Emergency Services: Heart
During a medical emergency, time is of the essence, quick and effective treatment is vital. At the FrontLine ER doctors are highly skilled in treating and caring for patients experiencing cardiovascular emergencies.
A heart attack occurs when blood flow in a coronary artery to the heart muscle is blocked. This is a life-threatening situation and medical treatment is urgently needed at this time. FrontLine ER has prepared this article to help you understand what a heart attack is; learn about the warning signs and its treatment.
Know the Symptoms
You may have heard that heart attacks are often symbolized by a sudden crushing chest pain. However, it is good to understand that some people may not experience any symptoms at all. It can happen when you are active or resting and can come along with mild pain and discomfort. The severity will depend on your gender, age, and some medical conditions. Some of the symptoms may include:
• Chest discomfort that feels heavy or full and lasts for more than a few minutes and is recurring
• Unexplained fatigue and shortness of breath, nausea or lightheadedness, indigestion, anxiety, and cold sweats
• Pain and discomfort in other parts of your upper body like the arms, back, neck, abdomen, and jaws.
What to do
Naturally, your instincts would urge you to drive yourself or the victim to the hospital, when faced with a life-threatening situation like a cardiovascular attack. The symptoms aren’t always well defined so it may be hard to tell if it’s a heart crisis or just heartburn.
• Unless you have an allergy to aspirin or have been directed by the doctor not to chew and swallow an aspirin tablet.
• If you believe that you’re having a heart attack or you had been previously prescribed nitroglycerin, take it as instructed. Do not share or take somebody else’s nitroglycerin, because you may risk an overdose.
• If the person you are with has lost consciousness, its best to begin cardiopulmonary resuscitation (CPR). Inform the 911 emergency medical specialists’ on call. If you have no clue about CPR, FrontLine ER recommends performing chest compressions. The dispatcher can instruct you over the phone on the proper procedures until the ambulance arrives.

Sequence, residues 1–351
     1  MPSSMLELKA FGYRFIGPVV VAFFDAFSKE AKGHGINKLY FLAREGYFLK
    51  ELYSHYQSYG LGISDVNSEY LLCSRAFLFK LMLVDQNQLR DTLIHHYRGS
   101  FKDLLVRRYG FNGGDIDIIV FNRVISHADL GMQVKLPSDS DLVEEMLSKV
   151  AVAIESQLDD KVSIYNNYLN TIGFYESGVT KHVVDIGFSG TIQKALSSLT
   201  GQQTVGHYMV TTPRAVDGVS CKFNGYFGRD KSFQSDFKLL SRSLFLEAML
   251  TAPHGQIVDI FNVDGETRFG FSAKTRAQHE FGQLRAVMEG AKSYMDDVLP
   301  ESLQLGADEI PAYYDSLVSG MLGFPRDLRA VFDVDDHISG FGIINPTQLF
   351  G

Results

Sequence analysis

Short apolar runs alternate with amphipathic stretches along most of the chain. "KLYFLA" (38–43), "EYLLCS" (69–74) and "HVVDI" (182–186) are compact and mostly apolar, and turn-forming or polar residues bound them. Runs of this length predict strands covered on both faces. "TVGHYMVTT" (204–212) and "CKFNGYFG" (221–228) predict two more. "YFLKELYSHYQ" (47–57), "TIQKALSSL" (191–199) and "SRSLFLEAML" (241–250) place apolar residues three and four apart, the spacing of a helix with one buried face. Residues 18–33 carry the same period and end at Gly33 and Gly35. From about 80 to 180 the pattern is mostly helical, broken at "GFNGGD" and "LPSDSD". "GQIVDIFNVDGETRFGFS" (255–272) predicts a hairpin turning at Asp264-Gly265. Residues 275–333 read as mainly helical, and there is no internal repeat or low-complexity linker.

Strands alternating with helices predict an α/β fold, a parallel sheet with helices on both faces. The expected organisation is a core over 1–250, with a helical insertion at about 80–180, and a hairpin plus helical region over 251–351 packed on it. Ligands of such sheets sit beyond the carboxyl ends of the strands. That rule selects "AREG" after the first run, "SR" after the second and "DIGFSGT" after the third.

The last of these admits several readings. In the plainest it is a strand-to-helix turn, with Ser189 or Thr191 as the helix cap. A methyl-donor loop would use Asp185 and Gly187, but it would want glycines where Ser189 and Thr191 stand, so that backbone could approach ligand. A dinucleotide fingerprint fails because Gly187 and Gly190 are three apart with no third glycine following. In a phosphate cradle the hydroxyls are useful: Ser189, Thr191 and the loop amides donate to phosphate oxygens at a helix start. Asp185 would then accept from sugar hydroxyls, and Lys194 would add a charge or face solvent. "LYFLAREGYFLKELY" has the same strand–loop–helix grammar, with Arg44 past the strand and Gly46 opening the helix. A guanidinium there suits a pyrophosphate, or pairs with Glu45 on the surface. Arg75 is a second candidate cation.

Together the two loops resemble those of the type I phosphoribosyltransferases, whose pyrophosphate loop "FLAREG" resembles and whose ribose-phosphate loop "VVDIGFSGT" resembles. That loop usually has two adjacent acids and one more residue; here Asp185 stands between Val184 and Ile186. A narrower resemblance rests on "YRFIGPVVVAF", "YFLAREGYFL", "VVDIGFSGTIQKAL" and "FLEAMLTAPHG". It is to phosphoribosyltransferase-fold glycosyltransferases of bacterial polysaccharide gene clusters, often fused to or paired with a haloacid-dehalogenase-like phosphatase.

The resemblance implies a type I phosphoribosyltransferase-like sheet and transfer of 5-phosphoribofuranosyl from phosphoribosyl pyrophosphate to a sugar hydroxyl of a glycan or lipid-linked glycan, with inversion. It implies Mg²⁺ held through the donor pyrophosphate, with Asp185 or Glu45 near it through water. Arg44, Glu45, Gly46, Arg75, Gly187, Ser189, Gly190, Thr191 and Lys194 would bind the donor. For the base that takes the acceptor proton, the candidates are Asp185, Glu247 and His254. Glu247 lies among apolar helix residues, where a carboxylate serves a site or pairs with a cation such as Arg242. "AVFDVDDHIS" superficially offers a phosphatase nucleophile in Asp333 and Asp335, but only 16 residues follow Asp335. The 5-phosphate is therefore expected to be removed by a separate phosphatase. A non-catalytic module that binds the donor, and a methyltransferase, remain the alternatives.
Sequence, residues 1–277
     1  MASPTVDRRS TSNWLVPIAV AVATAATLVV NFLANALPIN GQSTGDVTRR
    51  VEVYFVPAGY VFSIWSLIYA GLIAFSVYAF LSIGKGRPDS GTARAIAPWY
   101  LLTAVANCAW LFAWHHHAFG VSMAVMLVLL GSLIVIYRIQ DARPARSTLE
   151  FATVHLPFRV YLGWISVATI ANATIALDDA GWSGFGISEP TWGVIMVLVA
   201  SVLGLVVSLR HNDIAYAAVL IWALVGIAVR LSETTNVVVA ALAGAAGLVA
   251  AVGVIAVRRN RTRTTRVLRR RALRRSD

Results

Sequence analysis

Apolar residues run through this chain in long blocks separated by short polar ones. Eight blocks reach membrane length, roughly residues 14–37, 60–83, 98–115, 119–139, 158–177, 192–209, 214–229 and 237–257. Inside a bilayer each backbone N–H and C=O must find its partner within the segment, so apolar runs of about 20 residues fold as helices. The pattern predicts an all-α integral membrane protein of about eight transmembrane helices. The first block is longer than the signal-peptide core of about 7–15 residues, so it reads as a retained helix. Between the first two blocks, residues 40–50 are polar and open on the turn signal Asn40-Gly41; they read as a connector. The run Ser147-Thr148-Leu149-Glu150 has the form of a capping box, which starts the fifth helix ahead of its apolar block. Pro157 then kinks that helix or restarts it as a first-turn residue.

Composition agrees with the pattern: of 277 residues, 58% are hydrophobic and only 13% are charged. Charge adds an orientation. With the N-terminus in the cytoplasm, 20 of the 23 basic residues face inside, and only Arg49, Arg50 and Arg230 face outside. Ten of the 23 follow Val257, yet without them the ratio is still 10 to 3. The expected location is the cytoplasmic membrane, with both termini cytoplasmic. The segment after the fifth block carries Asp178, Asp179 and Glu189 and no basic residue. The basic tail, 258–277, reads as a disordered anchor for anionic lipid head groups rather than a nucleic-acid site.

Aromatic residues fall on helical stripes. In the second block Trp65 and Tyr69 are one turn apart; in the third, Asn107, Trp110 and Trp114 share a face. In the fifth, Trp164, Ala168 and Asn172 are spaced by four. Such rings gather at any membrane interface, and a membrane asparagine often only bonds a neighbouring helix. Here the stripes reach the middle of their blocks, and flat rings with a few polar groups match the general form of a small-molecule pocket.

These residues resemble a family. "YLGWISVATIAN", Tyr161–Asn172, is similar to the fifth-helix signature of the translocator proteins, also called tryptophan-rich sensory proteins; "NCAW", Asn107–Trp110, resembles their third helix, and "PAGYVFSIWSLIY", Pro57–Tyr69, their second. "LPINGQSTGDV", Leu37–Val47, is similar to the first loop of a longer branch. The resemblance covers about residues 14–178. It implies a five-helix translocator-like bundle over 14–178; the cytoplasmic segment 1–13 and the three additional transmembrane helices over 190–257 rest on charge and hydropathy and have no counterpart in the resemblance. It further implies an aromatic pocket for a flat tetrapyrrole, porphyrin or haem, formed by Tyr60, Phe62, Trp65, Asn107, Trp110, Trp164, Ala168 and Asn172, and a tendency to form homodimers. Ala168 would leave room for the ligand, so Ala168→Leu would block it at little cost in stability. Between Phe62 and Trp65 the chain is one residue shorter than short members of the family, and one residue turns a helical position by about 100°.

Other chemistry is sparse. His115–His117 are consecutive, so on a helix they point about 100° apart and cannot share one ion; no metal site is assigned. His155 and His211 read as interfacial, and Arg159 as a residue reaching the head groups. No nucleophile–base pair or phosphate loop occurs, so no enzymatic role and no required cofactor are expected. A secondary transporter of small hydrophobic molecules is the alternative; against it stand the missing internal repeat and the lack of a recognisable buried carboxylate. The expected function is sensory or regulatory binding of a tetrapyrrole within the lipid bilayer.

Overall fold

What happens in the ER?
Upon arrival at the FrontLine ER, the emergency physicians will first screen you to ascertain risk factors that can lead to a heart attack. You’ll be asked to explain your symptoms while your blood pressure, pulse, and temperature are being checked to see if you’re having a heart attack. Some additional tests include:
• Electrocardiogram (ECG) records the electrical activity of your heart through electrodes attached to your skin. The impulses are recorded as waves and are displayed on a monitor.
• After a heart attack, there are certain proteins that gradually leak into your blood. Blood Tests are done to check the presence of these enzymes.
• Chest X-ray images help your doctor to check the size of your heart, its blood vessels and the presence of fluid in your lungs.
• Echocardiogram uses sound waves from a transducer that is held on your chest to provide video images of your heart. It helps to identify whether there is a part of your heart that has been damaged or isn’t pumping normally.
• An angiogram is a process whereby a liquid dye is infused into the arteries of your heart through a catheter that’s usually fed into your leg or groin. The dye enables the arteries to be visible on X-ray, thus exposing the blocked areas.
• CT Scan and Cardiac MRI. These tests can be used to diagnose the extent of damage from heart attacks. Cardiac CT scan involves you lying on a table inside a machine as it rotates, an X-ray tube within collects images of your heart and chest. On the other hand, in a cardiac MRI, the long machine produces a magnetic field that aligns with atomic particles in your cells.
• Clot-busters, like Aspirin, reduce blood clotting while Thrombolytics dissolve a blood clot thus helping maintain blood flow to your heart.
• Antiplatelet agents or platelet aggregation inhibitors help to prevent new clots from forming and existing clots from getting bigger.
• Nitroglycerin is used to treat chest pain (angina) and can help improve blood flow to the heart by dilating the blood vessels.
• Beta-blockers relax the heart muscle, slows your heartbeat, and decrease blood pressure. They can also limit heart muscle damage and prevent future cardiovascular attacks.
• ACE inhibitors are used to lower blood pressure while Statins helps to control your blood cholesterol.
• Coronary angioplasty and stenting involve inserting a catheter through an artery in your wrist or groin to a blocked artery in your heart to help in finding blockages.
• Coronary artery bypass surgery can be performed at the time of a heart attack or a few days after recovery. The surgery involves sewing veins in place beyond a blocked or narrowed coronary artery, thus allowing blood flow to bypass the narrowed section to the heart.
FrontLine ER is open 24 hours; please visit us today for swift and professional emergency care.